The US added 12 oil-directed drilling rigs last week, breaking a string of consistent and sometimes precipitous declines that stretched back to the seven days ended Oct. 10, 2014.
A handful of publicly traded oil and gas producers have announced plans to add drilling rigs in recent weeks:
Citing RigData, Bloomberg has also reported several rig additions by large-cap players. Exxon Mobil Corp (NYSE: XOM), for example, put a total of four rigs to work in the week ended June 26, adding drilling units in the Bakken Shale, Utica Shale, Marcellus Shale and the Permian Basin.
During the previous week, Anadarko Petroleum Corp (NYSE: APC) added a rig in the Denver-Julesburg Basin and the Eagle Ford Shale, while ConocoPhillips (NYSE: COP) put one new rig to work in the Permian Basin.
Although the mainstream media made a big deal out of this development, investors shouldn’t misconstrue the bottoming in the rig count as the precursor to a meaningful recovery in drilling activity or a significant rally in crude-oil prices.
For one, recent moves to add rigs suggest that service costs have declined to levels where management teams have the confidence to spend money in pursuit of solid returns.
Meanwhile, the speed at which North American exploration and production companies complete their inventories of drilled wells will play a more important role in driving near-term production trends.
The quality of the acreage being drilled, a growing interest in re-fracturing wells, the focus on enhanced completion techniques that bolster initial productions rates and the high-grading of the active US drilling fleet likewise suggest that the rig count won’t need to recover to its former highs to maintain the current level of production.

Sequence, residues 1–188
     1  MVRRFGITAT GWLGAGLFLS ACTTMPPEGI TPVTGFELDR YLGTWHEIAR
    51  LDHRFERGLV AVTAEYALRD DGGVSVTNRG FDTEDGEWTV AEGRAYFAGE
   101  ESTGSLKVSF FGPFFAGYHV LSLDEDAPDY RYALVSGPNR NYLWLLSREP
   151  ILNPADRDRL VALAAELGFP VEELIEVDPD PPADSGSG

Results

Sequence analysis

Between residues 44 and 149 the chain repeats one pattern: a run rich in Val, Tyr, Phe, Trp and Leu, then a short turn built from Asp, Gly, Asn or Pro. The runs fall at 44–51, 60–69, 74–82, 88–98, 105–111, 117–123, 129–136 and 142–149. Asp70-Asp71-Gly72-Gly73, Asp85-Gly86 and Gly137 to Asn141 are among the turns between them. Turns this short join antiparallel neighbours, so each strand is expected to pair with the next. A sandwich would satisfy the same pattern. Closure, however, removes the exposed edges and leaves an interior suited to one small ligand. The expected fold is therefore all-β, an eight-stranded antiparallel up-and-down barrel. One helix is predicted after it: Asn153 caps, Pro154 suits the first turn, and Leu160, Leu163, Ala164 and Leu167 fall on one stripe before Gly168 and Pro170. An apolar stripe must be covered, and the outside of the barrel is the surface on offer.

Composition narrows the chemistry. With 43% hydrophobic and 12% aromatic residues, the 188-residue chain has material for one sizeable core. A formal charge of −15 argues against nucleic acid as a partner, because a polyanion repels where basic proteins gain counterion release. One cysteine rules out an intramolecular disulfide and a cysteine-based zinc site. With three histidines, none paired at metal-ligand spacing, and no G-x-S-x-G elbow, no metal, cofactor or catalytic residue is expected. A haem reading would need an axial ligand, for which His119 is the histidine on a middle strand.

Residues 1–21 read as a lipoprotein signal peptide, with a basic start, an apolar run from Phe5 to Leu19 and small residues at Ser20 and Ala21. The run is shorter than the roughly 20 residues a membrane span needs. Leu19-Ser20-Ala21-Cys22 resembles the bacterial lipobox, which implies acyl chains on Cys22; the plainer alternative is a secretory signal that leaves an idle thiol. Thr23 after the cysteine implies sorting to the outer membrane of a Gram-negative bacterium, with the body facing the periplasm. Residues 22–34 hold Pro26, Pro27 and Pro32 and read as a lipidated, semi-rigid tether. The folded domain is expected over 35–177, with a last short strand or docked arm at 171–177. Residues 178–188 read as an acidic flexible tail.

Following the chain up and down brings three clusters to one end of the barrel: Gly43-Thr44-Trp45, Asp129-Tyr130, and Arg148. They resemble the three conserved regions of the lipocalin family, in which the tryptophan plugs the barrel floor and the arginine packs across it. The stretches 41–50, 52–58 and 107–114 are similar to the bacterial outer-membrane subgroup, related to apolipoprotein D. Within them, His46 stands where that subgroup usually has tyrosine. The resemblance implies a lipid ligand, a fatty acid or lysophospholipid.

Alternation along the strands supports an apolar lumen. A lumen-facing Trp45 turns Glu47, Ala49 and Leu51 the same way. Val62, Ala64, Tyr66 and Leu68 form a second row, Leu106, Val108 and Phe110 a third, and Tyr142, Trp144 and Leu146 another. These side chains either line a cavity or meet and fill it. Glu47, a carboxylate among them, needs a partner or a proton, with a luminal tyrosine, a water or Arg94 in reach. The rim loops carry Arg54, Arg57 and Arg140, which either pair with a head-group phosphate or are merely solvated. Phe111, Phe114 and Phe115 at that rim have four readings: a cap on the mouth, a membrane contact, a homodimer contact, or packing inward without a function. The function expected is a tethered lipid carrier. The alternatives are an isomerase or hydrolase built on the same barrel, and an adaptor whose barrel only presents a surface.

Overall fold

Investors should also pay attention to trends in the international rig counts. Although the number of active drilling units outside North America hasn’t declined as precipitously, the rig count is down almost 19 percent in Latin America, 22 percent in Europe and 28 percent in Africa.
Given the longer cycle times associated with these developments, the decline in the international rig count won’t translate into lower output right away. However, this trend does represent an opportunity for short-cycle developments in US shale plays to win market share in coming years.
Despite Brent crude oil averaging more than $100 per barrel and West Texas Intermediate crude oil averaging almost $95 per barrel for four years, the oil and gas industry’s huge investments in mega-projects have failed to offset shrinking output in non-OPEC countries outside North America.
Elliott and Roger on May. 30, 2017
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